Franklin Covey Global Trust Practice consults, trains and coaches companies and organizations. Clients include Amazon, Microsoft, T-Mobile and Zoom.

In the interview, Covey talks about how trust-and-inspire leaders boost productivity and performance, and what makes empathy together with performance “remarkably interdependent,” a point advisors might well consider in trying to understand where their clients are coming from.

ThinkAdvisor recently interviewed Covey on the phone from Salt Lake City, where his firm is based.

He emphasized that one did not need to be naturally charismatic to inspire others. Inspiring people, he says, is “a learnable skill.”

Indeed, leaders can shift from the command-and-control mode to the trust-and-inspire mode by “rescripting themselves” because, after all, “we’re not just programmed; we’re programmers,” he says.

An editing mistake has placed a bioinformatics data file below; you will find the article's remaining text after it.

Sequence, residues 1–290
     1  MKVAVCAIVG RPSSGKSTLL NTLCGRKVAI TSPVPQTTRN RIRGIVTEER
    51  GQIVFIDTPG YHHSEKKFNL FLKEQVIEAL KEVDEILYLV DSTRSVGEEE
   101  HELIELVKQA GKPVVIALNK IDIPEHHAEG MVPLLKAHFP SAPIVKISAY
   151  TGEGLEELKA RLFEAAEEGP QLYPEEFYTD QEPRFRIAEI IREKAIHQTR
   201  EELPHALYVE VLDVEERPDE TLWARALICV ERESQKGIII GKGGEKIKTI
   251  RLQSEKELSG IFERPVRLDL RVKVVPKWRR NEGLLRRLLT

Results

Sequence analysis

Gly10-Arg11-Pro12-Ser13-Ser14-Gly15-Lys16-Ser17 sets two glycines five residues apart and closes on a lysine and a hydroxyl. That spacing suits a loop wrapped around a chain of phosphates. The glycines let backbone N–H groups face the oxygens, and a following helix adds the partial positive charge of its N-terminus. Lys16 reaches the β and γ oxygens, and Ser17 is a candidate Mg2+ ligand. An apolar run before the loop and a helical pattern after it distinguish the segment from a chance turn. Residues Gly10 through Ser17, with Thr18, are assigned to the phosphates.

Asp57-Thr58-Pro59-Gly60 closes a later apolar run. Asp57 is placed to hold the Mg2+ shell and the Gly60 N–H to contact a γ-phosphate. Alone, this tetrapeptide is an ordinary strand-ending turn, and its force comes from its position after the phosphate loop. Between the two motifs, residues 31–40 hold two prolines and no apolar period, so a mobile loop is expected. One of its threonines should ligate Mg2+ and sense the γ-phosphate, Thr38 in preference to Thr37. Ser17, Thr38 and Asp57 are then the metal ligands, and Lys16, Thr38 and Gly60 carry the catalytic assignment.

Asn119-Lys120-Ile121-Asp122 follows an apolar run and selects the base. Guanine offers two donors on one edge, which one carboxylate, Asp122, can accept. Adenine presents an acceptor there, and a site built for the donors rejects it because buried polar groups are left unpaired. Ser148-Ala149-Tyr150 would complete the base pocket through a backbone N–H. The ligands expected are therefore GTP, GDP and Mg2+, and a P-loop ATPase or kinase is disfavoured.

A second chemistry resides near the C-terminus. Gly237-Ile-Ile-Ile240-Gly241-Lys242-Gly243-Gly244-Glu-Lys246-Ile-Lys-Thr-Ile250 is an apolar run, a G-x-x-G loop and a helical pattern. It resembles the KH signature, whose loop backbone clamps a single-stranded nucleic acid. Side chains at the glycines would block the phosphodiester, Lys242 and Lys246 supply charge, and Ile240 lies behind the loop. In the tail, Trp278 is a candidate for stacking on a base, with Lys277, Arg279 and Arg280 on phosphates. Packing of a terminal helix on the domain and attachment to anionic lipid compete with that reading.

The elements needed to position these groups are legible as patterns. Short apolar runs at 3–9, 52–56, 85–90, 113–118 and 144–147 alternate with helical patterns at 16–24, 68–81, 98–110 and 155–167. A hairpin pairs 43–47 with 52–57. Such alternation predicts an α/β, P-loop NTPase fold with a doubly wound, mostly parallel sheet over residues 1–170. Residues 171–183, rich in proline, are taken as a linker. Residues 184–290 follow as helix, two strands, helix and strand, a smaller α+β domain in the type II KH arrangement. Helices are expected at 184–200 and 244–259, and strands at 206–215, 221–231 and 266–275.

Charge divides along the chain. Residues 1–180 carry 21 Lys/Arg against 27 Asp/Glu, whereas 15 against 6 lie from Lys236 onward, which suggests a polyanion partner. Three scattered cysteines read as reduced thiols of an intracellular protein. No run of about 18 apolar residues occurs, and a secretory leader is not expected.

Here are highlights of our interview.

THINKADVISOR: You write that “the next few years will see a significant, much needed movement toward inspiring others as a strategic imperative.” Why?

STEPHEN M.R. COVEY: This is a form of competitive advantage for any firm.

When people are inspired, they perform better, have more energy, and their well-being is increased. They have a sense of purpose and get better results.

Do you need to have a charismatic personality to inspire people?

No. it’s a learnable skill. Everyone can inspire because when you inspire, you connect with people — your team or clients.

In financial advisory, what’s effective about advisors themselves feeling inspired?

When clients see that you’re inspired and aren’t there just because this is a job you’re being paid to do, they sense you’re on fire. 

Having a job helping people secure their retirement and making them happy lights the advisor’s fire.

When the client knows you care deeply about them, that inspires them.

Please talk about the five common barriers to becoming a trust-and-inspire leader, which you write about in your book. Let’s start with fear, and within that, the feeling “What if I’m not as competent as you think I am?”